The Couple

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The residue of the outside rain tumbled off the man’s black umbrella and collected into a dirty pile of muck left by other dripping raincoats and muddy shoes. Fantastic. Mr. Sikes would no doubt walk over there and make a big show of meeting and greeting the waiting customers and graciously damn me publicly for being somehow responsible for the untidy mess, which I wasn’t. I was a waitress, not a hopper, but a newbie was a newbie in every sense of the word, and so I was still the hopper.

The man in the dark gray trench coat which screamed “no time for you” was followed by a blonde in an equally gray trench coat, although hers was tailored with a tighter fit and higher cut. She brushed the last bits of rain onto the now even more soiled patch of floor and leaned onto the man 15 years her senior with big gooey eyes. I had to give credit to her for trying to look somber and serious; the dark gray trench coat almost had me fooled. But her eyes shot off their own permanently-on-vacation vacant stare and her laugh was the annoying kind, the kind that nasally follows a stupid joke and is accompanied by a coquettish push on the arm and a flirtatious ejaculation of delight. Oh please. Half the things he said flew straight over her head, so obviously she could only resort to laughing at the offhand sexual quips.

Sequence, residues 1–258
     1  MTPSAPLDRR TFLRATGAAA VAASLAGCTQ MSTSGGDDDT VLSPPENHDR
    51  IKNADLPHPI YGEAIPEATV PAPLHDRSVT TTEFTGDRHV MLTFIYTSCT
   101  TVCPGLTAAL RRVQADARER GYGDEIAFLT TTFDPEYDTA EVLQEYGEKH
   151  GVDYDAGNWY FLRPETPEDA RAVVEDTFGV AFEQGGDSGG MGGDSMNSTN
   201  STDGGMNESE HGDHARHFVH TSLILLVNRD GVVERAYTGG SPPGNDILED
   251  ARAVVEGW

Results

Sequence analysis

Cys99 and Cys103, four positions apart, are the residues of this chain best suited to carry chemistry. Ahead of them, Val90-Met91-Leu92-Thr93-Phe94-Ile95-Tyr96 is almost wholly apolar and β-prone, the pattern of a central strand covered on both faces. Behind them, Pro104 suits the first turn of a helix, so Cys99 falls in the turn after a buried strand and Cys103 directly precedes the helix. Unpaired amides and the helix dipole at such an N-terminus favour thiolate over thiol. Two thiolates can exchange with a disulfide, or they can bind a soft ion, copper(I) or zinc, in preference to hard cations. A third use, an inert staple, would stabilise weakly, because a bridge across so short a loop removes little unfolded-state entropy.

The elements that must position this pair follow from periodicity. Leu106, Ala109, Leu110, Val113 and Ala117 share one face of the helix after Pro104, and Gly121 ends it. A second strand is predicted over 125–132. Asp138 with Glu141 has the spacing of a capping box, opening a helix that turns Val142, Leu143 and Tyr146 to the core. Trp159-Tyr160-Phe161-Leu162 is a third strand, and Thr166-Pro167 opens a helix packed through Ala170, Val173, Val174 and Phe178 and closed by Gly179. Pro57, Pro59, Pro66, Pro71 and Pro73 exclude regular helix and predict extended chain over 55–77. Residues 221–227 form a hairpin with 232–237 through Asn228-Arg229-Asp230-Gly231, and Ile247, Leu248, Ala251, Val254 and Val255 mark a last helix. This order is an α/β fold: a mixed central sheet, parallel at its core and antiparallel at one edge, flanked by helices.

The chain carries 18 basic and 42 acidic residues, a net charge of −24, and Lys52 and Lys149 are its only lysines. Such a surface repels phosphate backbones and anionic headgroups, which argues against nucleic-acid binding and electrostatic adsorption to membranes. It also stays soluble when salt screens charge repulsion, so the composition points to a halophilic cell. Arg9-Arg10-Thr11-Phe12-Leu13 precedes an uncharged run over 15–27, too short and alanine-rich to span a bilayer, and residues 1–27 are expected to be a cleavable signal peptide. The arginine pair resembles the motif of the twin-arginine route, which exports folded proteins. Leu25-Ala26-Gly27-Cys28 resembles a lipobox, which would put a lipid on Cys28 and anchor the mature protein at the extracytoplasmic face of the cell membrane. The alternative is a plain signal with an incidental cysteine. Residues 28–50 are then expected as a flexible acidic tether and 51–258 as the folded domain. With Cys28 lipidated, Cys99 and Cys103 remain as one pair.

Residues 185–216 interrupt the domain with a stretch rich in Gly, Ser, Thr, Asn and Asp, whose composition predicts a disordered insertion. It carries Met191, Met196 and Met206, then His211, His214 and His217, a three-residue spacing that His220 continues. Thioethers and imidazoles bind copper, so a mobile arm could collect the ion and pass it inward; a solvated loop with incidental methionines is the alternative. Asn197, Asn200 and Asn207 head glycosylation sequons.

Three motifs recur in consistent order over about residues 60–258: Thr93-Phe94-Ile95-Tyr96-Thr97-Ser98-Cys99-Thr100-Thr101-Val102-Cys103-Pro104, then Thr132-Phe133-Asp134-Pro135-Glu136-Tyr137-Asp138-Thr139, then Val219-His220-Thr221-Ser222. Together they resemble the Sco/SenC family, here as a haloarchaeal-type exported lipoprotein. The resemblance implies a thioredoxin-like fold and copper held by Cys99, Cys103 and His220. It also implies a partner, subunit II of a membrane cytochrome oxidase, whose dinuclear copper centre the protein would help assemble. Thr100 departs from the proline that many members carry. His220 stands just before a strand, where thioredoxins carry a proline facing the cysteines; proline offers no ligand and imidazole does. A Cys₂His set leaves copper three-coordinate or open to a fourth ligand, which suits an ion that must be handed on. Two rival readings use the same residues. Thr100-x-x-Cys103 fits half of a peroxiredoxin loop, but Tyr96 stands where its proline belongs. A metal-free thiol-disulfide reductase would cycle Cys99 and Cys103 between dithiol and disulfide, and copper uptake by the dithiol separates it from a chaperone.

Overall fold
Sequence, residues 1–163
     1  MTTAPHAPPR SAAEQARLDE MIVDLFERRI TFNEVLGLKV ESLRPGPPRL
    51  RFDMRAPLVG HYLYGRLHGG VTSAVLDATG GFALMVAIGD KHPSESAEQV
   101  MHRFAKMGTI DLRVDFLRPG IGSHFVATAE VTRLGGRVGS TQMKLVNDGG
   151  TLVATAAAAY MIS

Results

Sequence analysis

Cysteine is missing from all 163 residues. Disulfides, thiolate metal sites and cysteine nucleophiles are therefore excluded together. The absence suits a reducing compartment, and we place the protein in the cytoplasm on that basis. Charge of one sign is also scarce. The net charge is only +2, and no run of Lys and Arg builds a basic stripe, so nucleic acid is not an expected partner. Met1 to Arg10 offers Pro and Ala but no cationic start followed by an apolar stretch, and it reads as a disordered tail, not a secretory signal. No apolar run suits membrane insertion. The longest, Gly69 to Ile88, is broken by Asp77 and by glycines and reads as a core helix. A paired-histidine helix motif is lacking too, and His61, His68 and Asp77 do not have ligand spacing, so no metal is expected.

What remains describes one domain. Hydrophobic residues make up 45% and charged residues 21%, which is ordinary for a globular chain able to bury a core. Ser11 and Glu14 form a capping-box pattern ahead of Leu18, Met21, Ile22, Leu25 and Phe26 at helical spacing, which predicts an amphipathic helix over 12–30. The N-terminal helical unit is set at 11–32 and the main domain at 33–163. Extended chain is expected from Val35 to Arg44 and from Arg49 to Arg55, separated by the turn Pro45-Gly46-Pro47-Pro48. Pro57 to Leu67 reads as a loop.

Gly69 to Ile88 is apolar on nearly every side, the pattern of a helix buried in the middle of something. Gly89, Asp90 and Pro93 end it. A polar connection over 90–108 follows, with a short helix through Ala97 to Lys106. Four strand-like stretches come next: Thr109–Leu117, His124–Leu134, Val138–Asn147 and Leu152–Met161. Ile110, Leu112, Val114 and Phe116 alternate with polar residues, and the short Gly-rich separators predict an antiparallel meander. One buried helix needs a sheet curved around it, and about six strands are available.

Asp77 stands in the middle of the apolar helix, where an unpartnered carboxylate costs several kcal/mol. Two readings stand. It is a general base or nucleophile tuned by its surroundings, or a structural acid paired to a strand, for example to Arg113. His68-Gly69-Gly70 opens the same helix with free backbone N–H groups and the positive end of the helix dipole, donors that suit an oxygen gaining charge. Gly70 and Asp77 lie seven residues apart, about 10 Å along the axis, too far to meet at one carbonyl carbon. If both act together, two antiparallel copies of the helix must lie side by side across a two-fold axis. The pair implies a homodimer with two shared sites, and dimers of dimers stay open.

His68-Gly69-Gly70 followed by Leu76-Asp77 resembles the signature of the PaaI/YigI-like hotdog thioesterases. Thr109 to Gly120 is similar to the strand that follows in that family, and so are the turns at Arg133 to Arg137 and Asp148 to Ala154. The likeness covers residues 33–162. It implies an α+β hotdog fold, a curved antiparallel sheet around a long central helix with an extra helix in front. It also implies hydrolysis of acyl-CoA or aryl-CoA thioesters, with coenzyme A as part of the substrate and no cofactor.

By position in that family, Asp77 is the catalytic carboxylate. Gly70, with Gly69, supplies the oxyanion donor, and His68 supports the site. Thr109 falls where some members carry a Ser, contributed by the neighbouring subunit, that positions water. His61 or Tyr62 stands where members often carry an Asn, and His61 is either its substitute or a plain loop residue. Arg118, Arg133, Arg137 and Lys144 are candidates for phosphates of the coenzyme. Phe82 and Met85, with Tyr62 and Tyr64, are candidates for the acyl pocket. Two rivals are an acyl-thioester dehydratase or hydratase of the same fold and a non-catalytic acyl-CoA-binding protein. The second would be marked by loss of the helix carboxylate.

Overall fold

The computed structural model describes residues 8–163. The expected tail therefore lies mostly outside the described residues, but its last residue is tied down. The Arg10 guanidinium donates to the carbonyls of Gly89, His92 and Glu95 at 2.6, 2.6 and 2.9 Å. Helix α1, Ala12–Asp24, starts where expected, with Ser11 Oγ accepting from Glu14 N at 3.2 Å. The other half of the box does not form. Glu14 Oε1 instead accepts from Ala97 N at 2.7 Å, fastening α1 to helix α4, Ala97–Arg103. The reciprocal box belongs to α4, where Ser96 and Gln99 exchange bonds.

They finally got their table and were seated far across from the pantry door. She unbuttoned her coat and showed off a dark blue plunging dress, definitely overdressed. I took heart in the fact that she looked like the junior high kid trying to impress at the senior prom – not that a junior high kid would ever be invited. But half the customers were the above-50 crowd, including her date. I had to agree that from faraway she looked like perfection, a flawless painting of the feminine form. Read: plastically cut figure of inhuman proportions. Judging from the way the other waiters directed their attention to table 30, I’d say that most would agree. Tragic really, how such beauty could be wasted on a dunce. He of course had no objections. A suggestive glance here and a painted smile there more than compensated for the lack of spark in their conversation.

“For christsake get out there and serve something!” I bolted out of the pantry door and put on my best waitress smile; want anything else mister? The blonde at table 30 glanced in my direction and waved me over with a nonchalant flick of her wrist. Don’t customers ever fear getting their food spat in? It happens all the time. I stood at my corner for a second longer; not long enough so that she would think I didn’t hear her, but long enough so that she would glance up at my direction again, only to be greeted by a cheeky grin. “Hi dad. Miss. Ready to order?” I would deal with the awkwardness later.





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